IODINE IN OTHER TISSUES
The thyroid is not the only organ to concentrate iodine; the others endowed with this capacity are salivary glands, gastric mucosa, mammary glands, and choroid plexus. Ductal cells of the salivary glands express NIS (67) . The plasma membrane of the mammary gland epithelium contains a NIS protein with a molecular mass different from that of thyroid NIS (~75 kDa vs ~90 kDa). In the mammary gland, NIS is processed differently after translation and subjected to regulation by lactogenic stimuli (68).It has been reported that over 80% of human breast cancer samples expressed this symporter.As it is absent in normal non-lactating tissue, NIS may represent a marker for breast malignancy and even a possible target for radioiodine therapy (69). The thyroid, salivary glands, and gastric mucosa share a common embryologic derivation from the primitive alimentary tract and, in each of these tissues; iodide transport is inhibited by thiocyanate, perchlorate, and cardiac glycosides. TSH stimulates transport only in the thyroid. An active transport for iodide in the gastric mucosa has an obvious value because it provides iodine to the circulation for use in the thyroid. Active concentration by the breast helps transfer iodide to milk. Iodide concentration by the choroid plexus and salivary glands does not have any obvious physiologic benefit, but needs to be remembered for possible insights into pathways as yet undiscovered.
Iodine, particularly in the form of I2, may enter additional metabolic pathways outside the thyroid. Rats administered I2 orally showed much less circulating free iodide and much more iodine bound to proteins and lipids than did animals given iodide (84). In another comparison of I2 versus iodide, administration of iodide to iodine-deficient rats eliminated thyroid hyperplasia much more efficiently than did I2. Additionally, I2 decreased lobular hyperplasia and periductal fibrosis in the mammary glands, while iodide increased the former and had no effect on the latter (85).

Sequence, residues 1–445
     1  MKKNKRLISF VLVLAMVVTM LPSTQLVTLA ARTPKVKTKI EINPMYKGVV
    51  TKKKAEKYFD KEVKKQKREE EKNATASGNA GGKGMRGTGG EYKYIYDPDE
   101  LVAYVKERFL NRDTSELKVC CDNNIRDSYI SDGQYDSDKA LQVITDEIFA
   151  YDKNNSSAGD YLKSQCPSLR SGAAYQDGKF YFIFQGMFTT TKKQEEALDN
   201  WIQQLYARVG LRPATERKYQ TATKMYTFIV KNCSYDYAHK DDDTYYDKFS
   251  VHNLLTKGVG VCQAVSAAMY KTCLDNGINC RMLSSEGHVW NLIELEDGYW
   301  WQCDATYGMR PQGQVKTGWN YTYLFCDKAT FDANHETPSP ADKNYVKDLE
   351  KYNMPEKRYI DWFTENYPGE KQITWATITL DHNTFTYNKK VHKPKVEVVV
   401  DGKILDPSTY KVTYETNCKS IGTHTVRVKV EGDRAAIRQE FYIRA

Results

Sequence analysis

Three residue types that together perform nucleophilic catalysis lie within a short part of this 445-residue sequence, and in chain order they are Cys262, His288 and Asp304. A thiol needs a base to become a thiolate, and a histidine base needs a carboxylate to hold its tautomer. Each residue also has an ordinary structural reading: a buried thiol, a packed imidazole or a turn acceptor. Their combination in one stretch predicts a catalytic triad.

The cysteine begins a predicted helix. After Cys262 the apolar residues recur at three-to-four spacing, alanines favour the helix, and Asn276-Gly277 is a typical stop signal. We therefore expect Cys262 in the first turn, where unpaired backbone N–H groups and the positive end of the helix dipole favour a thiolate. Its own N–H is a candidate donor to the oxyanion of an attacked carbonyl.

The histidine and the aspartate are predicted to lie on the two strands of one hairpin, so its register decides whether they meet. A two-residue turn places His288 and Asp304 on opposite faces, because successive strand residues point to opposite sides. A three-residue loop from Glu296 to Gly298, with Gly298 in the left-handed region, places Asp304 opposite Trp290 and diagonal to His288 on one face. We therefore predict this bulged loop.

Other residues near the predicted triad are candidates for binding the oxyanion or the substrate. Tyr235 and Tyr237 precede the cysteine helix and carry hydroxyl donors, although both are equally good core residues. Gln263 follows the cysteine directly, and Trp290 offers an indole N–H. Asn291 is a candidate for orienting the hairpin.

After concentrating iodide, the thyroid rapidly oxidizes it and binds it to tyrosyl residues in Tg, followed by coupling of iodotyrosines to form T4 and T3. The process requires the presence of iodide, a peroxidase (TPO), a supply of H2O2, and an iodine acceptor protein (Tg).
Thyroperoxidase oxidizes iodide in the presence of H2O2. In crude thyroid homogenates, enzyme activity is associated to cell membranes. It can be solubilized using detergents such as deoxycholate or digitonin. The enzyme activity is dependent on the association with a heme, the ferriprotoporphyrin IX or a closely related porphyrin (86;87). Chemical removal of the prosthetic group inactivates the enzyme, and recombination with the heme protein restores activity (88). The apoprotein from human thyroid is not always fully saturated with its prosthetic group (89). Some congenitally goitrous children have poor peroxidase function because the apoprotein has weak binding for the heme group (89).
Antibodies directed against the thyroid “microsomal antigen,” which are present in the serum of patients with autoimmune thyroid disease (AITD), led to identification of TPO. These antibodies were found to react with proteins of 101-107 kDa and to immunoprecipitate thyroid peroxidase (TPO), thus identifying microsomal antigen as TPO (90-94). A monoclonal antibody to purified microsomal antigen or antibodies directed againt thyroperoxidase were then used to clone human TPO (95-97). Different laboratories then cloned TPO from various species: pig (98), rat (99), and mouse (100). Kimura et al. (95) cloned two different cDNAs of humanTPO.TPO1 coded for a protein of 933 residues and TPO2 was identical to TPO1 except that it lacked exon 10 and was composed of 876 residues. Both forms occur in normal and abnormal human thyroid tissue. The C-terminal portion of the proteins exhibits a hydrophobic segment (residues 847-871), likely corresponding to a transmembrane domain; thus, TPO has a short intracellular domain and most of the polypeptide chain is extracellular (Fig. 2-5A.). TPO1 is active, but TPO2 appears enzymatically inactive because it does not bind heme, degrades rapidly, and fails to reach the cell surface in transfected cell lines (101). Different degradative pathways exist for the two forms (102). Several other TPO variants resulting from exon skipping have been identified; they appear either active or inactive (103). Pig TPO contains 926 amino acids (98) ; mannose-rich oligosaccharide units occupy four of its five glycosylation sites (104).